It makes me so happy to share this editor interview I did with Six Questions For… When I was a younger writer who was still chasing his first publication, the editor interviews on SQF were like my bible. So the fact that I’ve since been published in the places I’ve been and am now an editor myself and had SQF reach out to me for an interview… It’s absolutely incredible. The link to the interview is here, and you can check out (mac)ro(mic) here! 😁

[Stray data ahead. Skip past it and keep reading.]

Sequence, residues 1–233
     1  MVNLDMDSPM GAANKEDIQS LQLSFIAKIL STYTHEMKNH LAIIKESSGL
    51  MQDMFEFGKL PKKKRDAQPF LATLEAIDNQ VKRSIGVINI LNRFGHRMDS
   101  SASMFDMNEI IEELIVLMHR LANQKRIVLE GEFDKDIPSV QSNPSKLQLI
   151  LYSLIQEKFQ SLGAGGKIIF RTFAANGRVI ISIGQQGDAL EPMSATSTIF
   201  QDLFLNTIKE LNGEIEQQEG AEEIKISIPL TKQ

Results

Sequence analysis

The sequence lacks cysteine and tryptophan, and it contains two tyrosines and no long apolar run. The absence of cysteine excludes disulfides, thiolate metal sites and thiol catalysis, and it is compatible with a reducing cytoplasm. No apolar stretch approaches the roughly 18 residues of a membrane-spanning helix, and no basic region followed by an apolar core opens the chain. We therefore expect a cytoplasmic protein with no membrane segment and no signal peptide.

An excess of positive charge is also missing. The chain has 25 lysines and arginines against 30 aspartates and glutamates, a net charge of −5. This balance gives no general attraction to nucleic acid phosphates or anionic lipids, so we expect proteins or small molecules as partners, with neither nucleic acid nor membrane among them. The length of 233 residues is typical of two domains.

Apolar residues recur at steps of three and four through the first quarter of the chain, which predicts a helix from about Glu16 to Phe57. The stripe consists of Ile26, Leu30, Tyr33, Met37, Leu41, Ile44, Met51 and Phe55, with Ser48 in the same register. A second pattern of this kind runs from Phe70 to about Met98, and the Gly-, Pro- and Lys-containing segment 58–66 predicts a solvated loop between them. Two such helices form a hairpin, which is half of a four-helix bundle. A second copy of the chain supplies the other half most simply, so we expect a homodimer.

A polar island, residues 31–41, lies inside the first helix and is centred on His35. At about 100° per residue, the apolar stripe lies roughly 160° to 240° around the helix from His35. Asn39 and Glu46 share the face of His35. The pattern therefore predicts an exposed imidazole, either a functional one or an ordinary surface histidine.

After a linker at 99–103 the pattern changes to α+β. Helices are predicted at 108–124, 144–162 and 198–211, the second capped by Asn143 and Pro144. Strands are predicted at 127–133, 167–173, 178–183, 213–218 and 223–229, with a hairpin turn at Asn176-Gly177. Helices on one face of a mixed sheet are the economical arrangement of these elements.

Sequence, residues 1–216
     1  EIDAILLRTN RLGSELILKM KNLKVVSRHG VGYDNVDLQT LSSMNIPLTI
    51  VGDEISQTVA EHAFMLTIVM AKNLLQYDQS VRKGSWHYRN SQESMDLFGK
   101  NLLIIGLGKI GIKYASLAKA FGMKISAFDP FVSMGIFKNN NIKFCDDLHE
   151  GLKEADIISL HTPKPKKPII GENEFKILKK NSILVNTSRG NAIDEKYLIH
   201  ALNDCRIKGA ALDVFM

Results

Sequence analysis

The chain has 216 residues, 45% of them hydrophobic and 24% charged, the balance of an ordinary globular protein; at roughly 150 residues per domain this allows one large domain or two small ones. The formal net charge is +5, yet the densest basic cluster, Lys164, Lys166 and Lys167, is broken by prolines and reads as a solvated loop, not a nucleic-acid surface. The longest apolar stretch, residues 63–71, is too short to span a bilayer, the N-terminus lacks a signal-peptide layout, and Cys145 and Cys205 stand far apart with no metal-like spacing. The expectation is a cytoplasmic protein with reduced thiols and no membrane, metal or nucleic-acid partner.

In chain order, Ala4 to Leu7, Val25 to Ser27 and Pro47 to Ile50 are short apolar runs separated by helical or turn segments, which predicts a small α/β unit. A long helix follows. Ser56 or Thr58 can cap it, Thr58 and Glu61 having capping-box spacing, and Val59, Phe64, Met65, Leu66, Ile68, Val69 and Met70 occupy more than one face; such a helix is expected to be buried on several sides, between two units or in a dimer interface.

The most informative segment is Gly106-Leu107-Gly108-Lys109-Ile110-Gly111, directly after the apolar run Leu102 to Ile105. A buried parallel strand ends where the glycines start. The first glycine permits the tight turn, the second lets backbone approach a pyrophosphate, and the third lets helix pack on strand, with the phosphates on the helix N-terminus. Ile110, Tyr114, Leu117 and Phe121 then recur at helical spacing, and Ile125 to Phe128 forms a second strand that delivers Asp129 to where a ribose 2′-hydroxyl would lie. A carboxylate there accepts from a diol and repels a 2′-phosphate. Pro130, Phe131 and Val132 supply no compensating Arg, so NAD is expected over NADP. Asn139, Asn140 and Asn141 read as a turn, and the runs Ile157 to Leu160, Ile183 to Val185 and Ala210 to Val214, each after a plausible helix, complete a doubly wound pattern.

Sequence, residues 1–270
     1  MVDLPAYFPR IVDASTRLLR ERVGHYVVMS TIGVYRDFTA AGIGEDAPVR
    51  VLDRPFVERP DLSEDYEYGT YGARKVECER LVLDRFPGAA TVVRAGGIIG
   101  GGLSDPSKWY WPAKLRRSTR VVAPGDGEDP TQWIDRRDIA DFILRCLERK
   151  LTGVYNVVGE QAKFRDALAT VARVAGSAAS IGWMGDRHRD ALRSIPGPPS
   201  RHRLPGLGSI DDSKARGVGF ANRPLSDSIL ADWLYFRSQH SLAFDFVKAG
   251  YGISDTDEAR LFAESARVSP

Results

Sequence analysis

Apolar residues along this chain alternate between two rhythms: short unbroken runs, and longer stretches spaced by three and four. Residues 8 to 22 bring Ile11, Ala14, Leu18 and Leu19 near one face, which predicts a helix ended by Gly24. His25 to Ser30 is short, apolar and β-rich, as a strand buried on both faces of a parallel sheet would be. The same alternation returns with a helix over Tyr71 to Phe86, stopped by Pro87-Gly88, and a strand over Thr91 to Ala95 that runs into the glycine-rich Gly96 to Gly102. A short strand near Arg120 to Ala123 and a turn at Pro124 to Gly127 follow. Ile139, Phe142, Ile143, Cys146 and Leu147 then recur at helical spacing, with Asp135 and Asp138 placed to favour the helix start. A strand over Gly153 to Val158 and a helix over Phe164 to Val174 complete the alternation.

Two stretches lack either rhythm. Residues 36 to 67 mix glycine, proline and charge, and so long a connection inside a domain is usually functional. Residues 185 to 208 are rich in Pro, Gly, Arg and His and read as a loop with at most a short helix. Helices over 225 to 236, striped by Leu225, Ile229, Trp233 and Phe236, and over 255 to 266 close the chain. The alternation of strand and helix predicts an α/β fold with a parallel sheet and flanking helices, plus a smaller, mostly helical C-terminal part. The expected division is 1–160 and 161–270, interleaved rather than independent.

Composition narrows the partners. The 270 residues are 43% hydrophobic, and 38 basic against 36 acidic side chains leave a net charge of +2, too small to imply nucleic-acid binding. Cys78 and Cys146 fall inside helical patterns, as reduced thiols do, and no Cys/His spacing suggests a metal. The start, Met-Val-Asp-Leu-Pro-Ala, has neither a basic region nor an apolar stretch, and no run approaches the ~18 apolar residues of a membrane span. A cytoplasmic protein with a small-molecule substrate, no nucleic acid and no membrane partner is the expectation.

It’s in the way you can’t quite see your reflection now, coming away, and the great undoing that time can be. It’s in the way we smiled past punched-out teeth in the backyard boxing ring we made, cleared the ground of obstacles and debris and hit each other on the grass, midday sun gassing us a little earlier than we might expect, and thinking then and now that whether we liked it or not, fighting was in our nature. It was in the lights coming on to signal the end of the competition, and going back inside our apartments with busted lips and swollen eyes, going back to some GBA or N64 game, finishing up homework and explaining away the injuries to our parents with something about recess football. It was in dripping bloody noses into mashed potatoes, green beans, tasting blood past meatloaf, and learning how to launder out stains from clothing. It was tossing out the gloves when we got bored of that, and finding a different backyard to fight in when Zuhaib’s dad got laid off and was home all day and might see us. It was sleeping with my head sandwiched between two pillows to drown out the sound of my parents fighting. It was getting up at 5:30 to be able to hear something approaching silence. It was staying out in the cold past curfew and plunging my hands in the snow so I might feel something, regardless of what that something might be. It was sneaking back in through the broken patio door, hands as iceblocks, and running them under hot water until the tears streamed down my face and mingled with the water to bring me my healing. It was of course the way that I would punch myself in the stomach, to toughen up when backyard fight club was set to start up again, and the way that I couldn’t seem to shake myself of the habit, or any other habit really. It was getting up even earlier to watch the cartoons I used to watch when I was really little, before the punched-out teeth and frostbit hands, the ones where the good guys always won no matter what.